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Young Terrified Student

Overpaid by previous employer- can i be sued?

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okay so my previous employer has overpaid me by what amounts to be around £400. i did not realise this however, i received a letter in the post a few days ago, (although my employment terminated from this company on August 10th 2012). The company did not pay me when i was suppose to get paid and so my pay was backdated into one lump some, so you can imagine why i was not suspicious of the overpayment. The entire some of money has indeed been spent (in good faith), and I simply cannot afford the repayment. The letter demands an immediate repayment of the full some of money. However, I am a student with no money! what should my next course of action be?

 

Someone please help...

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Several things to consider.

 

Yes, you can be sued (in the County Court) to recover the money, but you could also enter a defence of a 'change of position' were that to happen. It might be successful, but that would depend on how likely it was that you couldn't possibly have known that you weren't entitled to the money. If you were earning significant amounts, or were due a bonus for example, then it would be more likely that £400 was an amount that was in line with what you could expect to have received. If though, your normal wage was only £100 and you weren't owed any bonus, or perhaps holiday pay, then might be reasonable for a court to consider that you should have known that you had been paid too much and have taken steps to query whether the payment was correct - the standpoint being that most people would know roughly what they were owed when leaving a job and therefore there can be a reasonable belief of entitlement.

 

If you feel that the employer is serious about taking legal action to recover the amount, and if you don't believe that you can mount a credible defence, then you would be perfectly entitled to try and agree a repayment plan which fits your current circumstances. You should also of course also make sure that what they are claiming is correct, so make sure that you get a proper breakdown of the figures. You could of course try to bluff it before it gets to the stage where they lodge a CC claim by disputing liability on the basis that it was their mistake, that you had a reasonable belief that the money was yours, and have spent it (changed your position) on that basis. This might just put them on notice that you will have a viable defence in court and they might just consider it too much of a risk to take the court route due to the cost of recovery and the possibility of failing in court and risking costs.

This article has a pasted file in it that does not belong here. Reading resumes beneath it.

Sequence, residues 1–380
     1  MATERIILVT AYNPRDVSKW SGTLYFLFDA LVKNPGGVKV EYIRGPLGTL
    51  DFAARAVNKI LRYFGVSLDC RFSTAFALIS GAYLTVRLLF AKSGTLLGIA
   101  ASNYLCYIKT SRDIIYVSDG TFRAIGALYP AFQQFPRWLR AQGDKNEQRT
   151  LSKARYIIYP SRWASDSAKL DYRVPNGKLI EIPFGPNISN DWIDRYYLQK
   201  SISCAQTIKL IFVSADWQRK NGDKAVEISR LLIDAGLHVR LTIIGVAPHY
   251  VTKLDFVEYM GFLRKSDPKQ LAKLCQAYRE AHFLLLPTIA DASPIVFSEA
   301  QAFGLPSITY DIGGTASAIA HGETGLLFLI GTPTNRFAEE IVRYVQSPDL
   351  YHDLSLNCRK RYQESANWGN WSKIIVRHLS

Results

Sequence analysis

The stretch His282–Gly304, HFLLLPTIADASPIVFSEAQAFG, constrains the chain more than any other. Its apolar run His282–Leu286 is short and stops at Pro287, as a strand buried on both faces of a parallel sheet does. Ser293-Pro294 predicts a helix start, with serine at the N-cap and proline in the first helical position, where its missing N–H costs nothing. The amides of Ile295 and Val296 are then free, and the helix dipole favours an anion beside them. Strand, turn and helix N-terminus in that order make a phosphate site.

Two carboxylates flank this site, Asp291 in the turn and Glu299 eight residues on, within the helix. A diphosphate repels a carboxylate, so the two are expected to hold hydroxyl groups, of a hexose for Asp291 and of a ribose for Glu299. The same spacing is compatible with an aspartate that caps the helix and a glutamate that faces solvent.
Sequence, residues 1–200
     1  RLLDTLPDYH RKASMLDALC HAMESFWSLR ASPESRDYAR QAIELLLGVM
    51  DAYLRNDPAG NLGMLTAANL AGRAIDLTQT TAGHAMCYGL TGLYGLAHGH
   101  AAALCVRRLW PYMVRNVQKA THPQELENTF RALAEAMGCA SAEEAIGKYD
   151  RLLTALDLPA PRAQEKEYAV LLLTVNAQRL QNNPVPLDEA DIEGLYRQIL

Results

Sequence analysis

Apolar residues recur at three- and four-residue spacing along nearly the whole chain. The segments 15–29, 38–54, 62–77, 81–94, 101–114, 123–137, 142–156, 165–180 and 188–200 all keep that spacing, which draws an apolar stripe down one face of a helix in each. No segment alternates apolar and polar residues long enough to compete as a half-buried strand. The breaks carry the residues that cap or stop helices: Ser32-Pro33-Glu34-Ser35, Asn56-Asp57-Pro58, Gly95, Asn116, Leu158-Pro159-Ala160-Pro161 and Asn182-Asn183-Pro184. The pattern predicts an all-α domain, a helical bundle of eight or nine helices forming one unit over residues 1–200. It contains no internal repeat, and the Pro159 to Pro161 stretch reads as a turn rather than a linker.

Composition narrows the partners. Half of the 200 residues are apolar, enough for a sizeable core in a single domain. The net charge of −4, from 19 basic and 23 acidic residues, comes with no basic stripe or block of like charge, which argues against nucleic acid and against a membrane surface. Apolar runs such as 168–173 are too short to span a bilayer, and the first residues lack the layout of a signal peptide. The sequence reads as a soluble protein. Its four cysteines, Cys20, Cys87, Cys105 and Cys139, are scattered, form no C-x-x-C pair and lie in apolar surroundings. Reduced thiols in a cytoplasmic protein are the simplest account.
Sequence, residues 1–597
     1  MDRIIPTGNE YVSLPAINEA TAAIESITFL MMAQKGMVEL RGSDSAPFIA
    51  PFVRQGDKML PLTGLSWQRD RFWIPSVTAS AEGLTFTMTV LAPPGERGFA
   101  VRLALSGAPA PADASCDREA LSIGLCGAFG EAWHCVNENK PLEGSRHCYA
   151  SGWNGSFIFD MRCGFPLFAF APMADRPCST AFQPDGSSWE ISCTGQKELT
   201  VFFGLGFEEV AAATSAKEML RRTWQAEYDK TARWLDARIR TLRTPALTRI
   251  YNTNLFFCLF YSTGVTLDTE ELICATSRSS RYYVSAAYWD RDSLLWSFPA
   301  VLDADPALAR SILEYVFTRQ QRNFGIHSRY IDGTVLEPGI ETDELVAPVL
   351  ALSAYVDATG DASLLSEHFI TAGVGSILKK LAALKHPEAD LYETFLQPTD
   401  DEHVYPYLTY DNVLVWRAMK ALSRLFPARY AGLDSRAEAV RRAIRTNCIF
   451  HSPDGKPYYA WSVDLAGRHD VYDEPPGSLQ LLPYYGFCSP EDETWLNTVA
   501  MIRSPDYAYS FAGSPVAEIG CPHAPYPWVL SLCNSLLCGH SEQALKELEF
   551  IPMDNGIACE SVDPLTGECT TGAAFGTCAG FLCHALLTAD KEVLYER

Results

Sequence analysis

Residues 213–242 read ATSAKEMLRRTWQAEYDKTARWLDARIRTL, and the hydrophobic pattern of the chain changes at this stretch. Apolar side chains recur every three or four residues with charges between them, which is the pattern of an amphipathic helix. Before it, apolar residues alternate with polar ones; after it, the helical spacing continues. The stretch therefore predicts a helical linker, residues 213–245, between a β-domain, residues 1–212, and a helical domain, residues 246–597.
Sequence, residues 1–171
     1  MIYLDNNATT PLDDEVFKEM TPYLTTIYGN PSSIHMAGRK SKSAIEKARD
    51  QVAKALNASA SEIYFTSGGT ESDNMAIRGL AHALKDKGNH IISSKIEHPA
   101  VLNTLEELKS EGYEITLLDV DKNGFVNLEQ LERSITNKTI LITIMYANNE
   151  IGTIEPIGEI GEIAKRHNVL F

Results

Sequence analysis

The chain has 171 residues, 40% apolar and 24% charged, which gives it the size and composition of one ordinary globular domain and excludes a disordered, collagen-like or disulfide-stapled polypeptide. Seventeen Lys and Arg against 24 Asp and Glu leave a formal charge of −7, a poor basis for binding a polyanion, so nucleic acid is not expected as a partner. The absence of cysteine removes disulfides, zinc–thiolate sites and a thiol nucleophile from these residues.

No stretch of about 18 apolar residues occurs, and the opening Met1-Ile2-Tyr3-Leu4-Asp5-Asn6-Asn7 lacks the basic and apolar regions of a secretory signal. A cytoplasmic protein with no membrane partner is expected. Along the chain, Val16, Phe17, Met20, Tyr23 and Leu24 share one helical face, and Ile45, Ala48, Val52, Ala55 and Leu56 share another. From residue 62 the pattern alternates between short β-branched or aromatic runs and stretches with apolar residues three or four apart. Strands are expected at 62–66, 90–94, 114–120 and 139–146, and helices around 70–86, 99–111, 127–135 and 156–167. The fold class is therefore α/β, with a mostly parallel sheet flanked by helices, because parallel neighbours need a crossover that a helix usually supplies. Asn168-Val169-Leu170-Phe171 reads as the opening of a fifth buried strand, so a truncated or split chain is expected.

Your call really - depending on all of the circumstances.

 

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Another thing you might want to look at is if you were on the right tax code or maybe on the basic rate (BR), in which case you could be due a rebate which could help cover the overpayment.


 

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Make sure that you read up on estoppel.

From what you have said, you don't have anything to worry about


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Hi YTS,

 

there is good advice on here already.

 

Caro's idea above is really neat (you may be owed a tax rebate anyway, having only worked part of the tax year). indeed, as per Sidewinder, if your ex-employer got their sums wrong once they may have got them wrong again - it can't hurt to ask them for a breakdown of their calculations.

 

I can offer an actual example of a repayment plan: -

 

At my last job one of the manual workers was overpaid by £3k for a week (they paid him 616 hours overtime for working a bank holiday rather than 16 hours). They realised their error some months later, got the (terrified) guy in (he had spent it!) and agreed a repayment plan of £5 a week. The outstanding amount was recovered when the chap took a large redundancy payment about a year later.

 

£400 is a lot to find when you are skint. But the solution can be quite manageable.

 

It might be worth contacting your ex-employer and explaining your present circumstances - you never know they may even write off the debt.

 

Casting my mind back to my (distant) student past - if all else fails there was always mum and nan to run too. Maybe there is a relative or friend that can help you.

 

Good luck, let us know how you get on.

Edited by SweetLorraine

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